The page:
Bring the noise

Will the crunchy sonic artifacts of the MP3 audio compression process become as beloved as the warm crackle of vinyl records or the lulling hiss of magnetic tape? For some listeners, it already is.

[Stanford music professor Jonathan] Berger then said that he tests his incoming students each year in a similar way.   He has them listen to a variety of recordings which use different formats from MP3 to ones of much higher quality. He described the results with some disappointment and frustration, as a music lover might, that each year the preference for music in MP3 format rises.   In other words, students prefer the quality of that kind of sound over the sound of music of much higher quality.   He said that they seemed to prefer “sizzle sounds” that MP3s bring to music. It is a sound they are familiar with…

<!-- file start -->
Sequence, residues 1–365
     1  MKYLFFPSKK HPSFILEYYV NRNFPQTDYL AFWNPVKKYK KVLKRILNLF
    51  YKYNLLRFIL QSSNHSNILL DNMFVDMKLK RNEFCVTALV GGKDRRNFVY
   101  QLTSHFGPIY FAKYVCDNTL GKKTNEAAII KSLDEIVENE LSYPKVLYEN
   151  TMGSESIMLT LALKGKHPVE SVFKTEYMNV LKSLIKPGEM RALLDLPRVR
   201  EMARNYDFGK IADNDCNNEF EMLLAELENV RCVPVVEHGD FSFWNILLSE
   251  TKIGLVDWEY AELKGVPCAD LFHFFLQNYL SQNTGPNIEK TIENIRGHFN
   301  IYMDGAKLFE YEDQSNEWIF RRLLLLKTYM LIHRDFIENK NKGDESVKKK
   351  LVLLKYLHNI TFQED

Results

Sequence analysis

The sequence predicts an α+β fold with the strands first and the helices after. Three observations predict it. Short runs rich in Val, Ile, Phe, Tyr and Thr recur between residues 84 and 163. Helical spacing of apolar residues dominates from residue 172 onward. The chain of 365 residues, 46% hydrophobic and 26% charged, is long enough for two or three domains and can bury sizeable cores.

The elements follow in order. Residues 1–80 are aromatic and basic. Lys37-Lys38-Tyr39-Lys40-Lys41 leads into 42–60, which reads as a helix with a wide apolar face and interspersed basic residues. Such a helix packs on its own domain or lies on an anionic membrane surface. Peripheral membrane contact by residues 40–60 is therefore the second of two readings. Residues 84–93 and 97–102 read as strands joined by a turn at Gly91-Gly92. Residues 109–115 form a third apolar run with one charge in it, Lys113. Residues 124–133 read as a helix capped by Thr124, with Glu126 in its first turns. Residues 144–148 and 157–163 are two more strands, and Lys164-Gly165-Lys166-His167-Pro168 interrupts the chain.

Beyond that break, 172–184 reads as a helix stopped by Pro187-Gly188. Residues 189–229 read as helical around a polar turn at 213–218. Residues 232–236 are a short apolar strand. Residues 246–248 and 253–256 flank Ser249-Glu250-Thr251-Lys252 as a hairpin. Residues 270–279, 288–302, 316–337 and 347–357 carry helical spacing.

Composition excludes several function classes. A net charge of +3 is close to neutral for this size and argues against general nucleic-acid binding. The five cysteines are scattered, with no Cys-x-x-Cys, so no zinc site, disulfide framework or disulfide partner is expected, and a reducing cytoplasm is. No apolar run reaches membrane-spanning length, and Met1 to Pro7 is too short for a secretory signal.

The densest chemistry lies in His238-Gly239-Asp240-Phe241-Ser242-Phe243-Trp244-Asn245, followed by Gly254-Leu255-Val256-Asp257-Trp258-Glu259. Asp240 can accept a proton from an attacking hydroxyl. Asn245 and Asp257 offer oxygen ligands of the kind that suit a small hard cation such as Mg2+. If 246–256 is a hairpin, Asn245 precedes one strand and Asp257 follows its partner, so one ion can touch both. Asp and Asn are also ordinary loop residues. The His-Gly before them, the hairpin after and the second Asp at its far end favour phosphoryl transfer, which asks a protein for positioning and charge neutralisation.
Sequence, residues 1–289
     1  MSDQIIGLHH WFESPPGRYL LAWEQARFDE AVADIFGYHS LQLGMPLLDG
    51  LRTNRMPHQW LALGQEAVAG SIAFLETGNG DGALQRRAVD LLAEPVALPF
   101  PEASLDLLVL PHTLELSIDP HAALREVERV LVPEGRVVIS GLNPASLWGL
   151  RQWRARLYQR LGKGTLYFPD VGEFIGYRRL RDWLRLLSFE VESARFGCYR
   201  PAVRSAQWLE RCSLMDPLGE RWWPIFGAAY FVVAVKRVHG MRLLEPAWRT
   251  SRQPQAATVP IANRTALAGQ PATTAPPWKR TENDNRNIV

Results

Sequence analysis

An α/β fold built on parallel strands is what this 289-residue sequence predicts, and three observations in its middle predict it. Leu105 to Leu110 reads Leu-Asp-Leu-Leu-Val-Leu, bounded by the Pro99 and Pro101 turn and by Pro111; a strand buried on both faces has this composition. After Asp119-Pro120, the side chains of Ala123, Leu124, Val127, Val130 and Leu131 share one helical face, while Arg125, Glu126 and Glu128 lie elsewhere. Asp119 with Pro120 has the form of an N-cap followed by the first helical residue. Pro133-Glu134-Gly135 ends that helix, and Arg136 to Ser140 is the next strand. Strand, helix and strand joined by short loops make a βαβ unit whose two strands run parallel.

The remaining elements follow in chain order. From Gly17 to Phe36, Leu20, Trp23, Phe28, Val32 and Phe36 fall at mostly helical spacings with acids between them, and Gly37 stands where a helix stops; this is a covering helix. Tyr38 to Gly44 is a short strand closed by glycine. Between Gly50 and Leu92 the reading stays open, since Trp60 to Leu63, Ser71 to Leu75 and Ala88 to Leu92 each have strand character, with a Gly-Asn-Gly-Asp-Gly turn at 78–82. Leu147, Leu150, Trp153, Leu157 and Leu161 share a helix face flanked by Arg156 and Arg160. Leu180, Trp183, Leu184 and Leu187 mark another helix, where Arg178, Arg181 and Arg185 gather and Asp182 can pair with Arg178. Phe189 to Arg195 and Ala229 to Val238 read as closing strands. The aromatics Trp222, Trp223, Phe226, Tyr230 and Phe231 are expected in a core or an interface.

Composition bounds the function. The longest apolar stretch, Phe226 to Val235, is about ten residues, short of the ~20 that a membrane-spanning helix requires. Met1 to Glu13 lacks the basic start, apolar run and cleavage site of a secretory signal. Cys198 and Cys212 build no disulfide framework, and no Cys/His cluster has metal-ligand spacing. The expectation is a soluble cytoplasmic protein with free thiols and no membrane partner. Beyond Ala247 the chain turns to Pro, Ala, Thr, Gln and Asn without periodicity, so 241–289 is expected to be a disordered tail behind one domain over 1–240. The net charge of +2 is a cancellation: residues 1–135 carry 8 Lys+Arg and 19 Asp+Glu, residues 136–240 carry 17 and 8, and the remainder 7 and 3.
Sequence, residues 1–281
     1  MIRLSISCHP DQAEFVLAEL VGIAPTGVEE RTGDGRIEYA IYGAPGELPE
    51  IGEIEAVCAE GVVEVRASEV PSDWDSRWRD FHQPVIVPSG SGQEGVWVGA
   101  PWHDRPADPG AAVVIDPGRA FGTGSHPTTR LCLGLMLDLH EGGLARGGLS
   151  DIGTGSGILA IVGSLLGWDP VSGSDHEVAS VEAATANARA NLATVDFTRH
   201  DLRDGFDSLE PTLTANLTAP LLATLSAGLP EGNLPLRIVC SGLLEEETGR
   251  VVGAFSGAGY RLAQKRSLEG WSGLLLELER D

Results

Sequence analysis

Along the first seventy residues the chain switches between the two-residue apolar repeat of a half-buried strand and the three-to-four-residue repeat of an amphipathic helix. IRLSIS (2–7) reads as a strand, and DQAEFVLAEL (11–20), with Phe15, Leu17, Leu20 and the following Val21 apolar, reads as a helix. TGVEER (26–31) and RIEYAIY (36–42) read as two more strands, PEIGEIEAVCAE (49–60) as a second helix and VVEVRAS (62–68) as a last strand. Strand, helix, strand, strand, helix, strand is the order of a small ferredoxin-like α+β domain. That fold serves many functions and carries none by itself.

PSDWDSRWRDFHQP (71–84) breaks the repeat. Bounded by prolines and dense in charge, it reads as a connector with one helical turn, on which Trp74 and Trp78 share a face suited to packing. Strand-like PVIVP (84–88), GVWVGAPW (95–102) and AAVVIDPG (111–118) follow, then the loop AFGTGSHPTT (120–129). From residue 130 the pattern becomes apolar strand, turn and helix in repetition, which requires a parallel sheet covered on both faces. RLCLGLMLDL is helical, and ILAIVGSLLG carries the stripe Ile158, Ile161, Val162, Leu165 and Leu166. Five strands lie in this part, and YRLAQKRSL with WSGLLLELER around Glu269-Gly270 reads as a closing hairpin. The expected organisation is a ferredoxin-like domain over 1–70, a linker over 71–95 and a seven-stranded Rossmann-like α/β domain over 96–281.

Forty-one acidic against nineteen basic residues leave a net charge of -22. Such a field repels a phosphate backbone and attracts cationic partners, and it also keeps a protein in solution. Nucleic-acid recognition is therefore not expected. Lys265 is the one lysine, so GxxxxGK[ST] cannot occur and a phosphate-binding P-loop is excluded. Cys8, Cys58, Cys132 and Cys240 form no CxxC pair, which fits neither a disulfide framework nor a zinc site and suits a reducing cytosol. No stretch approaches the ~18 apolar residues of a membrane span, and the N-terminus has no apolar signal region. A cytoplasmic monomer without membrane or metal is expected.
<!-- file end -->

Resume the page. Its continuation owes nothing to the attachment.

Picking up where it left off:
Our perception changes and we become attuned to what we like […] The context changes our perception, particularly when it’s so obviously and immediately shared by others. Listening to music on your iPod is not about the sound quality of the music, and it’s more than the convenience of listening to music on the move.  It’s that so many people are doing it, and you are in the middle of all this, and all of that colors your perception. All that sizzle is a cultural artifact and a tie that binds us. It’s mostly invisible to us but it is something future generations looking back might find curious because these preferences won’t be obvious to them.


from “The Sizzling Sound of Music,” by Dale Dougherty, O’Reilly Radar, 1 March 2009 :: via Daring Fireball

Originally published at culture-making.com.

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